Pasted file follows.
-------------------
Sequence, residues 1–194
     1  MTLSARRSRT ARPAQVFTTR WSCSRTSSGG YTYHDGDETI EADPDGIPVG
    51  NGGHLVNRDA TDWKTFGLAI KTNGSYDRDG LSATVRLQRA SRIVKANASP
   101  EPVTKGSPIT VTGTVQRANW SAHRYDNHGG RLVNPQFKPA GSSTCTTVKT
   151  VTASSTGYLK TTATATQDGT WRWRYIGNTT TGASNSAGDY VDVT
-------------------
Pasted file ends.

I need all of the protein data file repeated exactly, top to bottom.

Sequence, residues 1–194
     1  MTLSARRSRT ARPAQVFTTR WSCSRTSSGG YTYHDGDETI EADPDGIPVG
    51  NGGHLVNRDA TDWKTFGLAI KTNGSYDRDG LSATVRLQRA SRIVKANASP
   101  EPVTKGSPIT VTGTVQRANW SAHRYDNHGG RLVNPQFKPA GSSTCTTVKT
   151  VTASSTGYLK TTATATQDGT WRWRYIGNTT TGASNSAGDY VDVT